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Effects of atorvastatin added to inhaled corticosteroids on lung function and sputum cell counts in atopic asthma
  1. Eleanor J Hothersall (e_hothersall{at}yahoo.com)
  1. University of Glasgow, United Kingdom
    1. Rekha Chaudhuri (rekhachaudhuri{at}yahoo.com)
    1. University of Glasgow, United Kingdom
      1. Charles McSharry (cms4q{at}clinmed.gla.ac.uk)
      1. University of Glasgow, United Kingdom
        1. Iona Donnelly (icf3h{at}clinmed.gla.ac.uk)
        1. University of Glasgow, United Kingdom
          1. Jane Lafferty (janelafferty1{at}yahoo.co.uk)
          1. University of Glasgow, United Kingdom
            1. Alex D McMahon (a.mcmahon{at}dental.gla.ac.uk)
            1. University of Glasgow, United Kingdom
              1. Christopher J Weir (chris{at}stats.gla.ac.uk)
              1. University of Glasgow, United Kingdom
                1. Janice Meiklejohn (jan69uk{at}hotmail.com)
                1. University of Glasgow, United Kingdom
                  1. Naveed Sattar (nsattar{at}clinmed.gla.ac.uk)
                  1. University of Glasgow, United Kingdom
                    1. Iain McInnes (ibmi1w{at}clinmed.gla.ac.uk)
                    1. University of Glasgow, United Kingdom
                      1. Stuart Wood (sfw1b{at}clinmed.gla.ac.uk)
                      1. University of Glasgow, United Kingdom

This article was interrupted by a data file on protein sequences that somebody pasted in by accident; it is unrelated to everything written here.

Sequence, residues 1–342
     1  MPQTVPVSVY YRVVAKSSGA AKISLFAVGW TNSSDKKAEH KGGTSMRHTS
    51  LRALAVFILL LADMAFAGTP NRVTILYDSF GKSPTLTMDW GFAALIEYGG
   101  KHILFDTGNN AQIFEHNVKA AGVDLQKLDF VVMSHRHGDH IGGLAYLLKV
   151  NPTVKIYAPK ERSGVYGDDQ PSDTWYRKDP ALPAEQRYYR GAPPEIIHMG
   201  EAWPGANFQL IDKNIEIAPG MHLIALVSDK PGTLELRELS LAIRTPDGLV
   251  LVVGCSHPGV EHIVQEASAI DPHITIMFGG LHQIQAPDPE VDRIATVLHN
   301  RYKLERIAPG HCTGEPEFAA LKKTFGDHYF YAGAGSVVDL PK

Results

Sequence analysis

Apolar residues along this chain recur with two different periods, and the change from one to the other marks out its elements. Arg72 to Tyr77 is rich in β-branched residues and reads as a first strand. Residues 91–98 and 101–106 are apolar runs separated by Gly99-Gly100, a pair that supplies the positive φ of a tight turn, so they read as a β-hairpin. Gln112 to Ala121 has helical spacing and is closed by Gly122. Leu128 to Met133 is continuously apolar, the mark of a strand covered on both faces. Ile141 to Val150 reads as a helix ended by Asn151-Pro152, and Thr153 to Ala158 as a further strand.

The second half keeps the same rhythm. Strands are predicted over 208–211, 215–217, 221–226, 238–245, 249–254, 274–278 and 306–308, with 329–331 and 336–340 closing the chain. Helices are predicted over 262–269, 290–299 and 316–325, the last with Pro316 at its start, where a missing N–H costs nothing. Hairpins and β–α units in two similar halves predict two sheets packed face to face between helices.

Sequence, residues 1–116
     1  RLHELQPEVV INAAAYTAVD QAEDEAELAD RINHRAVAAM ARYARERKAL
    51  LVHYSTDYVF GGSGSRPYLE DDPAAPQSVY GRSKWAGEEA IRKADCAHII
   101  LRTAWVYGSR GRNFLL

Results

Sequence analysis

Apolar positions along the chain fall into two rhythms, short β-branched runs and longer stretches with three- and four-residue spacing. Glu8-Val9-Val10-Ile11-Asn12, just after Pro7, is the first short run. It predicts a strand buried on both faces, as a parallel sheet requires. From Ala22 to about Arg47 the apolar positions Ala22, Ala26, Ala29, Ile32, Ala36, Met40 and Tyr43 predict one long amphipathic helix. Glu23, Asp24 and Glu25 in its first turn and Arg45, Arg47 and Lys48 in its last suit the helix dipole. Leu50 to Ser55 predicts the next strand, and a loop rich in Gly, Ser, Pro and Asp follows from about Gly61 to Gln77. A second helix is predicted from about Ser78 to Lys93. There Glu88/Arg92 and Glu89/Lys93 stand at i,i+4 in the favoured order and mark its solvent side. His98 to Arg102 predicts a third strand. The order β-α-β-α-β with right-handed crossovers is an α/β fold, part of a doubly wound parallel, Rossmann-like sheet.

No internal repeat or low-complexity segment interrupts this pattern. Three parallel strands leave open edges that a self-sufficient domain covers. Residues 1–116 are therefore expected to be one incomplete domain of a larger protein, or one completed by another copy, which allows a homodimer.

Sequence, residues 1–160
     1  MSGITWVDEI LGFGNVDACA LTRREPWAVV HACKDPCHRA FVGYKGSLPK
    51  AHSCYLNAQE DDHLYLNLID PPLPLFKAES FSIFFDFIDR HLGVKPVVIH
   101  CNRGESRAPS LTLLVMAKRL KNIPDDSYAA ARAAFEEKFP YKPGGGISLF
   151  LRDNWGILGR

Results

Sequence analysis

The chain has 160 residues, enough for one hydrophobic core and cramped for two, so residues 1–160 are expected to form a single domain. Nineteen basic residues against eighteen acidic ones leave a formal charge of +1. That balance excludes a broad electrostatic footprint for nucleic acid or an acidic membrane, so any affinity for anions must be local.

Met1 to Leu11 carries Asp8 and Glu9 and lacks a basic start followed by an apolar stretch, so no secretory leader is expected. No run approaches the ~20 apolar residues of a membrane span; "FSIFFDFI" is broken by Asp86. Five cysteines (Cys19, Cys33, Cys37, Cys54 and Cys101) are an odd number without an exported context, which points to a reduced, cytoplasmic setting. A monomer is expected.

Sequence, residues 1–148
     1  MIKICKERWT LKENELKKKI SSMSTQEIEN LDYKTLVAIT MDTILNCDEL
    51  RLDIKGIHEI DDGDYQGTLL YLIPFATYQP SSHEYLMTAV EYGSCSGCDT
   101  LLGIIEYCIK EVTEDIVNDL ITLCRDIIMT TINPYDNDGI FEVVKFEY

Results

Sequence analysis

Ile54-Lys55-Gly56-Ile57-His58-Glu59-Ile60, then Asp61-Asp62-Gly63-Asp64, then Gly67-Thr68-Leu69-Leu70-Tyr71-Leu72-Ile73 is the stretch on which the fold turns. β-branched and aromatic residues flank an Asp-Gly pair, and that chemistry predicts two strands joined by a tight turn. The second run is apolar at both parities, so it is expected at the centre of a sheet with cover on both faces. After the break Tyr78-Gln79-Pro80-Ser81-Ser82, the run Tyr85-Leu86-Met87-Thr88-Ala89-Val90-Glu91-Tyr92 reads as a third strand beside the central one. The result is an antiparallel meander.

1. Neil C Thomson (n.c.thomson{at}clinmed.gla.ac.uk)
                        1. University of Glasgow, United Kingdom

                          Abstract

                          Background: Statins have anti-inflammatory properties that may be beneficial in the treatment of asthma. We tested the hypothesis that atorvastatin added to inhaled corticosteroids treatment improves lung function and airway inflammation in atopic adults with asthma.

                          Methods: Fifty four adults with atopic asthma were recruited to a double-blind, randomised controlled crossover trial comparing the effect of oral atorvastatin 40 mg daily with that of a matched placebo on asthma control and airway inflammation. Each treatment was administered for 8 weeks separated by a 6-week washout period. The primary outcome was morning peak expiratory flow (PEF). Secondary outcomes included FEV1, asthma control questionnaire score, airway hyperresponsiveness to methacholine, induced sputum cytology and inflammatory biomarkers.

                          Results: At 8 weeks, the change in mean morning PEF, as compared with baseline, did not differ substantially between the atorvastatin and placebo treatment periods [mean difference -0.5 L/min, 95% Cl -10.6 to 9.6, p=0.921]. Values for other clinical outcomes were similar between the atorvastatin and placebo treatment periods. The absolute sputum macrophage count was reduced after atorvastatin compared to placebo [mean difference -45.0x104 cells, 95% Cl -80.1 to -9.7, p=0.029], as was the sputum fluid leukotriene B4 [mean difference -88.1pg/ml, 95% CI -156.4 to -19.9, p=0.014].

                          Conclusion: The addition of atorvastatin to inhaled corticosteroids results in no short-term improvement in asthma control, but reduces sputum macrophage counts in mild to moderate atopic asthma. We speculate that the change in sputum macrophage count suggests potential areas for investigation of statins in other chronic lung diseases.

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